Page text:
Whether you’re a seasoned jogger who regularly goes out three to five mornings a week to get in their usual workout or you’re someone who’s brand new to the activity of running and looking to improve your health and fitness level, one question that you might be asking yourself is whether you would be best off jogging outside or whether a smarter move would be to jog on the treadmill at your local gym (or home treadmill if that option is available).

In order to make a properly informed decision on this topic, you have to come to understand the pros and cons of each and then weigh in on them with regards to your own specific situation.

Let’s take a look at the key factors that you should think about so that you can make the right choice for you.

The Boredom Factor

The very first thing that you should be thinking about when it comes to selecting to run on the treadmill or outside is the boredom factor involved. Basically, are you someone who could see yourself getting bored on the treadmill, slaving away day after day like a hamster on a wheel?

The fact of the matter is that most people would quickly drop off a program like this. At first their desire to stick with the program will overcome the boredom that they experience running along in one spot for such an extended period of time, but after a week or two has passed, that boredom reaches an all time high.

The great thing about running outdoors is that you can easily vary the course you take so then each run you’re experiencing new scenery and are changing things around.

Often this simple change of pace is enough to keep people motivated to stick with it and at the end of the day, sticking with it is the biggest determinant of the results you see.

The Sprinting Factor

Second, you also need to ask yourself whether you plan to do any sprint training with this running program. If you are, then you’re better off outside.

If you plan to do high intensity interval training, which is one of the most popular forms of cardio training for fat loss at the moment, then you’re going to have to rapidly ramp up your pace so that you’re going to full out run in just seconds.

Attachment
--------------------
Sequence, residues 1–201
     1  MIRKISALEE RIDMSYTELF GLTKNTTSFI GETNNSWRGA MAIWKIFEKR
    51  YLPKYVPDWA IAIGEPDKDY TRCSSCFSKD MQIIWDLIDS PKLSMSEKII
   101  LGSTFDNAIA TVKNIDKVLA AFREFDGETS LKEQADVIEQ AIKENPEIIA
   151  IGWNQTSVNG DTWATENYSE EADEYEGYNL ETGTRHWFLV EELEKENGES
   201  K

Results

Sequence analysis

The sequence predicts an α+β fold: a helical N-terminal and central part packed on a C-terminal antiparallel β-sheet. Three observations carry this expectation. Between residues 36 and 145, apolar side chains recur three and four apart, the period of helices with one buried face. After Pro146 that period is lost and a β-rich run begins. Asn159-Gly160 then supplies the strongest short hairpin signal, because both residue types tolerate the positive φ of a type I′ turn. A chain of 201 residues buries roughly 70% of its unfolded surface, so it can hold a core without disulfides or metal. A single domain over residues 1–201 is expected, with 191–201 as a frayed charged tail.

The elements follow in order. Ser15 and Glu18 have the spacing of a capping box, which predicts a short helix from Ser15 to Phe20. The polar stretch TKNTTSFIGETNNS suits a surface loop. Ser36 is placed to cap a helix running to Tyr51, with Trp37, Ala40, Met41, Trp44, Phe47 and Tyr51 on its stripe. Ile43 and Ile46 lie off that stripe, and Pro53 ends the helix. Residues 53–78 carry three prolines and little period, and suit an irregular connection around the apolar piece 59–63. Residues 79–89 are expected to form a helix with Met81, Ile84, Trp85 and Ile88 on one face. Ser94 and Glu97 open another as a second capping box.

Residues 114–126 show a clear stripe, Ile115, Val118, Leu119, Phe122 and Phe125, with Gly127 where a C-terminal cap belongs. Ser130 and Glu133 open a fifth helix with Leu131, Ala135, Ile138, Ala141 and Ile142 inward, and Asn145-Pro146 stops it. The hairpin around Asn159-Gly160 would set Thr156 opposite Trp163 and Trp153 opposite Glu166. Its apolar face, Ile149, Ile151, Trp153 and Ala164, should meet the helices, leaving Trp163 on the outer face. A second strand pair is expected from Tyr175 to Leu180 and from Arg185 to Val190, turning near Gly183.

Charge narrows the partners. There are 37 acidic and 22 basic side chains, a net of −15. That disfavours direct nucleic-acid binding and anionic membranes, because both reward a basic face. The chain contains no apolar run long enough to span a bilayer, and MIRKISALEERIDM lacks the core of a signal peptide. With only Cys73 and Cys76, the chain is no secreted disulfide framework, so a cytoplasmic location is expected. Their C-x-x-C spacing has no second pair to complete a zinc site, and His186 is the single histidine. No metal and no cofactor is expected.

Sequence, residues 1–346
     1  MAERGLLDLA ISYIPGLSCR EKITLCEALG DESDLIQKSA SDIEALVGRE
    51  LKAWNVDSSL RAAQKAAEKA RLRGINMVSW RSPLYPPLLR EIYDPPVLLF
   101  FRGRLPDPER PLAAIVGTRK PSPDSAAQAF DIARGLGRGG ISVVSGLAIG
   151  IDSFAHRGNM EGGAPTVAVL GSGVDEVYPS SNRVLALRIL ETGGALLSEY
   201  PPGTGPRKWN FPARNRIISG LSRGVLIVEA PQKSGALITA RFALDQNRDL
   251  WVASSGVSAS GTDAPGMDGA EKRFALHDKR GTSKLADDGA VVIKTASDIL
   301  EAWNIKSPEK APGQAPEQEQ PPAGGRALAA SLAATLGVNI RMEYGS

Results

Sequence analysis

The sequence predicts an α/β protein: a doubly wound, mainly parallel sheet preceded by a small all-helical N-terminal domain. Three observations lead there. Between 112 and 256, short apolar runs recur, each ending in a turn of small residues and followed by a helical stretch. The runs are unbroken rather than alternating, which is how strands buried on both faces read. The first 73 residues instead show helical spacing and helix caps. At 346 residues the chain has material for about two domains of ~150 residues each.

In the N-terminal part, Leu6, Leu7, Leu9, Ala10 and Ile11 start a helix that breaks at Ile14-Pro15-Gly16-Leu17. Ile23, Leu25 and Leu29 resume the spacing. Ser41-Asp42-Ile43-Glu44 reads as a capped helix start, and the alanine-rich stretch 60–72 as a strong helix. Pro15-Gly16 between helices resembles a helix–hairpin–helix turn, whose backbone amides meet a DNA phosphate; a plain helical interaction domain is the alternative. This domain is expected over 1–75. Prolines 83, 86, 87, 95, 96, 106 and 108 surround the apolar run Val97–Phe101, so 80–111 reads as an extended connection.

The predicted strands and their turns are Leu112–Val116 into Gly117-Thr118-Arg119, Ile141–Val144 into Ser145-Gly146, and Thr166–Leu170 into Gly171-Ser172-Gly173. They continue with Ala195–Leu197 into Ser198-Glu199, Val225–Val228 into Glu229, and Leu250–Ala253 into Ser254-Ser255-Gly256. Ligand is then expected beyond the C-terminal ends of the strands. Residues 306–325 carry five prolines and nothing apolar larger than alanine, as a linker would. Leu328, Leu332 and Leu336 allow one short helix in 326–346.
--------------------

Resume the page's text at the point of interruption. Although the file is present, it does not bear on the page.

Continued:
Trying to do this on a treadmill will prove to be rather challenging. Sure, you may eventually be able to get the treadmill up to the pace you need to but it may take a good eight to ten seconds to do so.

Considering the fact that you’re only planning to likely sprint for 30 seconds total, you can see how this would be rather detrimental to the overall workout structure.

On land, you can speed up at will and get to that top speed in mere seconds, making for a much more effective interval training workout session.

The Injury Factor

Moving along, another thing to consider when looking at the difference between running outdoors and running on the treadmill is the injury factor.

All things being equal, you will have a greater tendency to get injured outdoors due to the fact that you may come across uneven terrain.

All it takes is a small divot in the road for you to roll and ankle and the pain you feel from that could be tremendous. The great thing about treadmill is that first, they are always 100% even and second, they often are equipped with a cushioning surface so not only will you reduce the risk of rolling an ankle but you won’t e experience quite the same shock throughout your workout session either.

For those who have knee or back pain, the treadmill is likely the smarter decision. Running is a very high impact activity by nature and by doing it on the treadmill, you help minimize this as best as possible.

The Toughness Factor

Finally, the last issue to consider is the ‘toughness factor’. If you look at running on a treadmill at six miles per hour and running outside at those six miles per hour (assuming flat ground), outside is actually going to be slightly more physically challenging for you.

Why?

Because you don’t have that belt propelling you forward. Assuming you are using a motorized treadmill where the belt will move forward, this added forward motion can help you run faster with ease.

Outside, you’re all on your own. It’s going to be nothing but sheer muscular power propelling you forward and as such, you’ll typically expend more energy running outdoors, meaning you burn more calories with each session that you do.

Now, you can get around this issue by setting the treadmill on a 1-2 percent grade incline, which then simulates the ‘real ground’ much better.

So if you are going to run indoors and are worried about this factor, that’s one way to overcome this.

On the other hand too, using the treadmill you can easily adjust the grade even higher yet if you want to run on an incline, where outdoors it’s rather hard to do this unless you somehow manage to find a hill lasting two to three miles.

So there you have all the factors to keep in mind when you are deciding where to take your runs each and every day. Some people will choose to mix it up, going outdoors some days and using the treadmill others (and this may especially be the case if you happen to live in an area with variable climate).

This can be a great way to get the benefits of both worlds and really take your running up a step further. The key is making sure to consider what’s most important for you and what you want to be getting out of each run you do and then matching that with either of the running options available.

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